A few examples will suffice. Health professionals from the rest of the EU have the right to practice here because of mutual recognition of their qualifications, as set out in Directive 2013/55/EC. However, this is underpinned by complex structures and processes designed to ensure that those moving really are safe. The UK General Medical Council has played an important role in ensuring that these work effectively. Clearly, a new set of arrangements will need to be put in place but it will almost certainly be bureaucratically much more complex. Importantly, it will affect both those coming to the UK with qualifications from abroad and those who come here to gain qualifications and return to their own countries.
The Directive on Cross-Border Care is best known for giving birth to the European Health Insurance Card, or EHIC which entitles EU citizens to obtain treatment in other member states. However, it does much more. Thus, it provides the mechanism by which many citizens from other EU countries working in the UK return home for treatment in familiar settings surrounded by family or, especially, to give birth. It also governs the arrangements by which UK pensioners received treatment abroad. It is often forgotten that some of these pensioners are people who came from another country and, having worked all their life here, return home. These movements are facilitated by a network of national contact points providing information and advice, including redress when things go wrong. The loss of these benefits will make employment in the UK less attractive.
Of course, there are many other concerns. Previously, a UKIP spokesperson suggested that foreign doctors who commit parking offences should be deported and, although this threat was later withdrawn, it was not likely to make those from other parts of the EU welcome.
Supporters of Brexit have, as is their habit, sought to offer reassurance. They frequently invoke the Vienna Convention on the Laws of Treaties. They rely on Article 70, which states that if a treaty is ended this will not affect the rights or obligations of parties established while it was still in force. During the campaign many people, especially those running the extremely well informed twitter account @Brexpats (who were rewarded by streams of abuse) pointed out that this was irrelevant to the issue of EU citizens’ rights, for several reasons. First, it didn’t apply where the treaty had an established withdrawal mechanism, which is precisely what the now famous Article 50 of the EU Treaty is. Second, the convention relates to the rights of states that are party to the treaty and not to individual citizens, in contrast to the EU Treaty which does confer rights on individuals.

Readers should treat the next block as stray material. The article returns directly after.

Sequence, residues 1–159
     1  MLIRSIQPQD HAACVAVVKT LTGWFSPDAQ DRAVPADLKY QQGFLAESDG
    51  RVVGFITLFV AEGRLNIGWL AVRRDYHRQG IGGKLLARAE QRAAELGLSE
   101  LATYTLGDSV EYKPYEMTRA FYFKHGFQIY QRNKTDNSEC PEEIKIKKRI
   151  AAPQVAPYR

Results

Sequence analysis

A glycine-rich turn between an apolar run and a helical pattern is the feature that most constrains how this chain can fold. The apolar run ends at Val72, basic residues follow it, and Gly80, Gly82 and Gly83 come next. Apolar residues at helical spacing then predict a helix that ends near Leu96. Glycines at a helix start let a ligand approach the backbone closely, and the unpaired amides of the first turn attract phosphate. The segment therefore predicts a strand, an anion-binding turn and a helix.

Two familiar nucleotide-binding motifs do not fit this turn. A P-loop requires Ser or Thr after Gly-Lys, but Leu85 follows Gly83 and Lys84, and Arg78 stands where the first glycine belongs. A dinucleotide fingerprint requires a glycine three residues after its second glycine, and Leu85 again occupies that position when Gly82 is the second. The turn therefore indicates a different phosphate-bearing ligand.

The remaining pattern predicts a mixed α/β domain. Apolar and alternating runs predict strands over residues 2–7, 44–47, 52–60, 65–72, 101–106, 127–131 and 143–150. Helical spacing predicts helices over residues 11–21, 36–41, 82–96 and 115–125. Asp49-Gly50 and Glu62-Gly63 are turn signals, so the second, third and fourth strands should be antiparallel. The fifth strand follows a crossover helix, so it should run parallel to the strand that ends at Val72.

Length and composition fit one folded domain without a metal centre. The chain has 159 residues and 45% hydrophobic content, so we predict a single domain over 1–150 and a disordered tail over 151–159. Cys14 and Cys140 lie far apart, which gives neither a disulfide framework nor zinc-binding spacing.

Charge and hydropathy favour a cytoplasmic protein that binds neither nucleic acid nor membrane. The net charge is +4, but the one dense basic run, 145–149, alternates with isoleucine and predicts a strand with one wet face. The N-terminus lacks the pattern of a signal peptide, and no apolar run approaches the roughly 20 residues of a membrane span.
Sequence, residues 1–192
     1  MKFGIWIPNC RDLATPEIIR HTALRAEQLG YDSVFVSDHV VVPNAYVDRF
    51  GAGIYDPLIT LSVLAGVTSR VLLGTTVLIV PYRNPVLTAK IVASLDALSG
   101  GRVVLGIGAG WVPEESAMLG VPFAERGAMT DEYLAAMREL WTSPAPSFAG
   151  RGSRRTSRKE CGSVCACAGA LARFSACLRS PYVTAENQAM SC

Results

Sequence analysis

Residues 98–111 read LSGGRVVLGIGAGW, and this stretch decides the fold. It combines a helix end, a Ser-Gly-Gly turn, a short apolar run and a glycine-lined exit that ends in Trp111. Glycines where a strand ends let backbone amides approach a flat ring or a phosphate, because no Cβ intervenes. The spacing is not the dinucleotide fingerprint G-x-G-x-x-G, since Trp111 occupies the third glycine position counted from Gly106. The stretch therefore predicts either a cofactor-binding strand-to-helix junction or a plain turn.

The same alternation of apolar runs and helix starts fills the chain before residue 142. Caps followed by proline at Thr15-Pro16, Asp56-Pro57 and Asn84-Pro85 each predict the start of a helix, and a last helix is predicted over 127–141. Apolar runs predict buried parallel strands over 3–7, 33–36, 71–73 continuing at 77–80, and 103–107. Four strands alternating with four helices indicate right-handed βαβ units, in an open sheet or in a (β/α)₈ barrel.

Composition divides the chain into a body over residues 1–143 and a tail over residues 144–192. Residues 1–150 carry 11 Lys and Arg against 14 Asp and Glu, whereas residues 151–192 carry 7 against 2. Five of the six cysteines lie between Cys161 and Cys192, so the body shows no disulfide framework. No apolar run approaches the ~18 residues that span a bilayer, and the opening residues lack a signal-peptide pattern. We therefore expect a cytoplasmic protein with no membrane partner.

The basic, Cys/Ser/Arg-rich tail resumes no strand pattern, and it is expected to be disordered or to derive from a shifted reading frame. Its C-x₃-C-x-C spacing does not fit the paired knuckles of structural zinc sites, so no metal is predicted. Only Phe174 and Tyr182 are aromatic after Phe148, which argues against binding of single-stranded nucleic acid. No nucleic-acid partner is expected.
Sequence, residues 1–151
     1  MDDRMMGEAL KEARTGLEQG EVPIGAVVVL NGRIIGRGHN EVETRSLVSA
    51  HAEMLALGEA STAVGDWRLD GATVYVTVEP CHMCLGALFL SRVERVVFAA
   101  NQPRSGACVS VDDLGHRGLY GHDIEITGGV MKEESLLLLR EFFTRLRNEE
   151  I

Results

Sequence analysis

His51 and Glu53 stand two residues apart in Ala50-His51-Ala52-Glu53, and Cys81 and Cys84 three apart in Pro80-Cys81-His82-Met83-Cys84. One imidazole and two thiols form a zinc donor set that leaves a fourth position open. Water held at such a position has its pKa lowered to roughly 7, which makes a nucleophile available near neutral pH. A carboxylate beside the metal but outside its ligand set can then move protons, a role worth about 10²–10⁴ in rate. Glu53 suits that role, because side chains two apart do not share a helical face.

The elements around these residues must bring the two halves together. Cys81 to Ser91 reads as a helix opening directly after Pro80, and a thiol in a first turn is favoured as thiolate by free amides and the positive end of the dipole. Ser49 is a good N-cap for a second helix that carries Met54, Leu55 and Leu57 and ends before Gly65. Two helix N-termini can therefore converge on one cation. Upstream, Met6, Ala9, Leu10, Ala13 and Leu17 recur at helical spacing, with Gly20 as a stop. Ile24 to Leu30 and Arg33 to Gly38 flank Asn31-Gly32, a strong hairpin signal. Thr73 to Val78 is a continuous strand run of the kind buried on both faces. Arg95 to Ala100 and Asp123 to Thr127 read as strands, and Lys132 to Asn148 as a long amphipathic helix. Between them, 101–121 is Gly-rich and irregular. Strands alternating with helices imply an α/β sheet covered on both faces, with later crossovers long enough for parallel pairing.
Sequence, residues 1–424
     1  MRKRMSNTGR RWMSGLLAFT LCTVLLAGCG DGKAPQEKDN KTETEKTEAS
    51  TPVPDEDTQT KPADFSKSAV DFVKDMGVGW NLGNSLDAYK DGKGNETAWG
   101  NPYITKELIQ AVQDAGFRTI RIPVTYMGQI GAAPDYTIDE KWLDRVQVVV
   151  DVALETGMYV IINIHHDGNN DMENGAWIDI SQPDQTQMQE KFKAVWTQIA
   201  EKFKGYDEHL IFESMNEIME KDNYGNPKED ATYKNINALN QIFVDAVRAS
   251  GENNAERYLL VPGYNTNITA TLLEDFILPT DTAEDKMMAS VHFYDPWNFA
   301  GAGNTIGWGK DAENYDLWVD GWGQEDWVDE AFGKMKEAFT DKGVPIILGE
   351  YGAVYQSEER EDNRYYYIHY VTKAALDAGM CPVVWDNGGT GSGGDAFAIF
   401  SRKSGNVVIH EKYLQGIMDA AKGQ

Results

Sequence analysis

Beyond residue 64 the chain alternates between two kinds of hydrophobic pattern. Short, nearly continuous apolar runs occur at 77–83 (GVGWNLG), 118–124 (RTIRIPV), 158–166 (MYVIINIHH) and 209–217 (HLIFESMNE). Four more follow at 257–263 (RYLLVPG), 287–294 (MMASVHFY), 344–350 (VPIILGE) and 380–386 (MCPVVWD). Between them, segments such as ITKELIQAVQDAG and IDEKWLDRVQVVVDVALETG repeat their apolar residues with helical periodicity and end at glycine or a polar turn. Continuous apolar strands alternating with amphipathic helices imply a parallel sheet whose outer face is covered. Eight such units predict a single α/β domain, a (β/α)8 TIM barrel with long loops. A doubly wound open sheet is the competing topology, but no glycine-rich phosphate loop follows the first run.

It would have been possible to have had some clarity on this issue, if only those who advocated for leaving the EU had a plan. However, as they have now made apparent, they expected someone else to do this. Faced with the consequences of their actions, several have withdrawn, leaving others to search for some order in the chaos that they created. Others have stayed on, with their statements revealing that they are oblivious to the enormous challenges that they face.
The supreme irony is that all this is taking place in a week when Sir John Chilcot will remind us of how things went wrong the last time a British government engaged in a major initiative without a plan. Maybe, after a brief pause, he could start work on a sequel.
Martin McKee is professor of European Public Health at the London School of Hygiene and Tropical Medicine.